Wednesday 27 November 2019 9:30am
Associate Professor Miles Lamare (left) and colleague Dr Antonio Garcia inspect sea stars at Scott Base, Antarctica, prior to their transport to Otago. The sea stars are used as model organisms in experiments on the physiological responses of polar species to climate change.
A world-leading Antarctic project investigating how ecosystems in the Ross Sea region might respond to climate change is to be led by Otago’s Associate Professor Miles Lamare.
Associate Professor Lamare was invited to lead the six-year, $10M project, which will focus on the drivers of species distribution in this biologically productive area of Antarctica which includes the world’s largest marine protected area.
"The really exciting thing is that this world-leading programme is led by New Zealand, and this particular project is being led by Otago which is great recognition."
The research is part of a larger MBIE funded Antarctic Science Platform which has the purpose of conducting excellent science to understand the large scale impacts of warming in the Antarctic and its impact on the global earth system.
Associate Professor Lamare says any future changes to ecosystems in the Ross Sea will have important biological implications such as species distribution, and all of the research will feed the development of sophisticated biogeographical models.
The Department of Marine Science researcher has been involved with the US Antarctic Program since 1994, and the New Zealand Antarctic programme since 2002. He says it’s an absolute honour to be leading this “once-in-a-lifetime opportunity”.
“The really exciting thing is that this world-leading programme is led by New Zealand, and this particular project is being led by Otago which is great recognition.
“It also reinforces and recognises the University’s leadership and the contribution it makes to climate change research on a global scale. Other international programmes are taking note of our novel approach to understanding change.”
With 30 named New Zealand researchers and a focus on interdisciplinary and international collaboration to address complex questions, Associate Professor Lamare has spent this year developing a cohesive plan for the next five-year research period.
“We have brought together scientists who haven’t worked closely together previously which has been challenging but exciting, and has involved many great around-the-table conversations.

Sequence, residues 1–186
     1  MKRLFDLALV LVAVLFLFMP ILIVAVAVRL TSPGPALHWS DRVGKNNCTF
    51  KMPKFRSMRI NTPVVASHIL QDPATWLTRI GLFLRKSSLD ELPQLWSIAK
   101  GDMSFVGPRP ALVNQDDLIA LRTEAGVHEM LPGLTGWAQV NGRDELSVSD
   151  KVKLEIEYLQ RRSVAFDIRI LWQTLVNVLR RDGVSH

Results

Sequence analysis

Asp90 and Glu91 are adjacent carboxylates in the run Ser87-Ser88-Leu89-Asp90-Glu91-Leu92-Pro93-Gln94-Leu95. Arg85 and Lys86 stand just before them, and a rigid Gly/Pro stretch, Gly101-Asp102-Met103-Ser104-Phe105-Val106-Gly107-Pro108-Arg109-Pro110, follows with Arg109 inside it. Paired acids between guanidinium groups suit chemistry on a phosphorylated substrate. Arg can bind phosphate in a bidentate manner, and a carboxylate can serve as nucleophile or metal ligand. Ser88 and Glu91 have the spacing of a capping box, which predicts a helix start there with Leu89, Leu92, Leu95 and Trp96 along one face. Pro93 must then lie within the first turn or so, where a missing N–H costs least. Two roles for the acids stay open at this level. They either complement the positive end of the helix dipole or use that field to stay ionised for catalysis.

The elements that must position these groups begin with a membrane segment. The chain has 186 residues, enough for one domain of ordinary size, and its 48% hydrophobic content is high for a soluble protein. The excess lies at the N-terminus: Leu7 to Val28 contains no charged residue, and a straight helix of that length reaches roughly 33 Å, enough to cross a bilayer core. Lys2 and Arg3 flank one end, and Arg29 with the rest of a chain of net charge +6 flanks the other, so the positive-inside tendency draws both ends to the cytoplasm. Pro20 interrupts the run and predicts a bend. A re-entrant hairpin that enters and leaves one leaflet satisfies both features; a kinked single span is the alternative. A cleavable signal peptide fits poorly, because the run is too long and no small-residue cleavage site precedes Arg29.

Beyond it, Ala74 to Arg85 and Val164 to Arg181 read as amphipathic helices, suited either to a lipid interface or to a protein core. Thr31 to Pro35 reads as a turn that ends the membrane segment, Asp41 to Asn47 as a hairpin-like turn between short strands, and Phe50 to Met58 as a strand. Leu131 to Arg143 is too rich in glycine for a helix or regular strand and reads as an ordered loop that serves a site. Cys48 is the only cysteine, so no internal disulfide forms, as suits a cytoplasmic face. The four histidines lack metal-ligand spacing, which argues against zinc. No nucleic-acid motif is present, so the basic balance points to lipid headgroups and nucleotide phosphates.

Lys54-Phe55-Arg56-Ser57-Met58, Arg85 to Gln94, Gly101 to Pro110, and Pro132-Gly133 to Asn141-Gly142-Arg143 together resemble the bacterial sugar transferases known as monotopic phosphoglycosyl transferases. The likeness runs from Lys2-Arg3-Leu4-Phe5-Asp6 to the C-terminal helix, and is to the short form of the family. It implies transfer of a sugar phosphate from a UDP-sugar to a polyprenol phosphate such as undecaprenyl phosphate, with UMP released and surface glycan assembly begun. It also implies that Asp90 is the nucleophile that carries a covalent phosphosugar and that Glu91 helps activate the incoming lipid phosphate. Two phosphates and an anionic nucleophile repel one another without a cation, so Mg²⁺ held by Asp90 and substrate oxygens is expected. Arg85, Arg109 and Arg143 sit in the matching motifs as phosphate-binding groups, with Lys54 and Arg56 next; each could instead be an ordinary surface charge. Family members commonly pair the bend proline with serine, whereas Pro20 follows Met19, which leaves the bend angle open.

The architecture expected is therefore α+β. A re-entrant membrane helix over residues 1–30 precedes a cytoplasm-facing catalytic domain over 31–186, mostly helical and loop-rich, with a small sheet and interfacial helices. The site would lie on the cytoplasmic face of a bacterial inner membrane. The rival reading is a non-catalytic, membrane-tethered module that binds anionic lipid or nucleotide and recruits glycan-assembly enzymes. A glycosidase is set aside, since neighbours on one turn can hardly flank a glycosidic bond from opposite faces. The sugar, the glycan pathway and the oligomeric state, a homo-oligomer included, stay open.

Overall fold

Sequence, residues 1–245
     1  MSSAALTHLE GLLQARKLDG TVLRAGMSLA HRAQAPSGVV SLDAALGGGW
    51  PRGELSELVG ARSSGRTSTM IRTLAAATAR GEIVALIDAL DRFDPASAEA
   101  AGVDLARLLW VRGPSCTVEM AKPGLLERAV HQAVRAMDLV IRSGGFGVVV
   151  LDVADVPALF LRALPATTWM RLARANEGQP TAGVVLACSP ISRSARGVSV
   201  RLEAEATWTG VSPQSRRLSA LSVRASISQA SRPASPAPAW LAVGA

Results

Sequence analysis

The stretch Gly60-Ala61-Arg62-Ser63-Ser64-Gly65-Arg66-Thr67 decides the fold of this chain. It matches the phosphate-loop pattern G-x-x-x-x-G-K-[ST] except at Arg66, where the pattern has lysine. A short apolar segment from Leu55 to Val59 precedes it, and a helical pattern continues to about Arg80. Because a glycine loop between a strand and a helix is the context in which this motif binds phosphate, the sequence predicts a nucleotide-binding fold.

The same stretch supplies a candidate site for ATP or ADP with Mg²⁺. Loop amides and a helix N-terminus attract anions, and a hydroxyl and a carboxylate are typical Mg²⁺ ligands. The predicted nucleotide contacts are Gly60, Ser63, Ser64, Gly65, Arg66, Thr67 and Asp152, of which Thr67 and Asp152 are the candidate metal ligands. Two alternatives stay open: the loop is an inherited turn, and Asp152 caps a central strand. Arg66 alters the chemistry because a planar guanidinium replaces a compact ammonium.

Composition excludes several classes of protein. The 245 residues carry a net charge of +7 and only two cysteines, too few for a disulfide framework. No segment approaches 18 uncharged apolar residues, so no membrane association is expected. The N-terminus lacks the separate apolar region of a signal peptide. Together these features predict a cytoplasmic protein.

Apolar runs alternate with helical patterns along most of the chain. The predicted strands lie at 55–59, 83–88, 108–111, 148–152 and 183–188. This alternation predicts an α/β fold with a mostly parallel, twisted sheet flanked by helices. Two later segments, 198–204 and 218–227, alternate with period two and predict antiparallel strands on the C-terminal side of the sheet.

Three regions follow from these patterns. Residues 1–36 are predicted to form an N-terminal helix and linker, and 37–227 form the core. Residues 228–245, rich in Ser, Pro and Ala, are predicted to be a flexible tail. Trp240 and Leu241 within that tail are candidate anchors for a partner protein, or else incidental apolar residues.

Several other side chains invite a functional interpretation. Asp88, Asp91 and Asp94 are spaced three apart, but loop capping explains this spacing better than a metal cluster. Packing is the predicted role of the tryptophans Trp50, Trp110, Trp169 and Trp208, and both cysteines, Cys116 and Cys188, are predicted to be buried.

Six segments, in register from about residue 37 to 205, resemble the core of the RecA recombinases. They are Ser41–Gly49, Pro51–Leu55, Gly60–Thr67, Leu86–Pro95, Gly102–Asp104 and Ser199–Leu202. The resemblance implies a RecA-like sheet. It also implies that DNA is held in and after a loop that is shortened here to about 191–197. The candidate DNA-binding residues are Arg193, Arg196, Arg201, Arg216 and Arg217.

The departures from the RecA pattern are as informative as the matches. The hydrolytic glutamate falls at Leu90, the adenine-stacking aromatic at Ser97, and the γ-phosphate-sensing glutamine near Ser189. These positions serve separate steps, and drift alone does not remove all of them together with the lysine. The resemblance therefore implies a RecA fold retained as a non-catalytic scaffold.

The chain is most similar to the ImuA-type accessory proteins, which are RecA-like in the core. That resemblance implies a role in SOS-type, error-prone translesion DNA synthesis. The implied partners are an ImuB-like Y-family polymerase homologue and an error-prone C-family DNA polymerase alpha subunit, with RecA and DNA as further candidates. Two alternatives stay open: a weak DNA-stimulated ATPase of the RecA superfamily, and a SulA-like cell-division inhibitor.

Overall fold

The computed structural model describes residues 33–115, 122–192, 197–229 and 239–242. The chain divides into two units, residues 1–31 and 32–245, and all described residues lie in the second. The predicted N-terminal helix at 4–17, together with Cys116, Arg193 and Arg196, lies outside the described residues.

“Collaboration opens the door to undertaking parallel studies in different locations, which extends our ability to understand and model how the Ross Sea region as a whole is changing.”
"Collaboration opens the door to undertaking parallel studies in different locations, which extends our ability to understand and model how the Ross Sea region as a whole is changing."
Associate Professor Lamare says this project will facilitate new and innovative research, allowing the development of important baseline information against which future change can be assessed.
“We have the opportunity to engage in innovative research using tools such as environmental DNA in water sampling that will operate autonomously over the winter months when we don’t have access to region.”
Another plan is to deploy a sea ice capable vessel for a biological research expedition in the 2022 field season to access regions of the Ross Sea never previously sampled.
He says initiatives such as this have the potential to exponentially increase understanding of biodiversity and species distributions, and no doubt discover species new to science.
Over 20 Otago researchers are contributing to the four major Antarctic Science Platform projects announced this year, including Paleoceanographer Dr Christina Riesselman who is co-leading a NIWA led project to study the impacts of change in the Antarctic atmosphere and Southern Ocean.
Associate Professor Lamare adds the University’s support of the multidisciplinary Polar Environment Research Theme has allowed him the opportunity to work in this space including time spent in Antarctica.
Major Antarctic field expeditions for the Ross Sea ecosystem project will begin in the next Antarctic summer research season (2020/2021).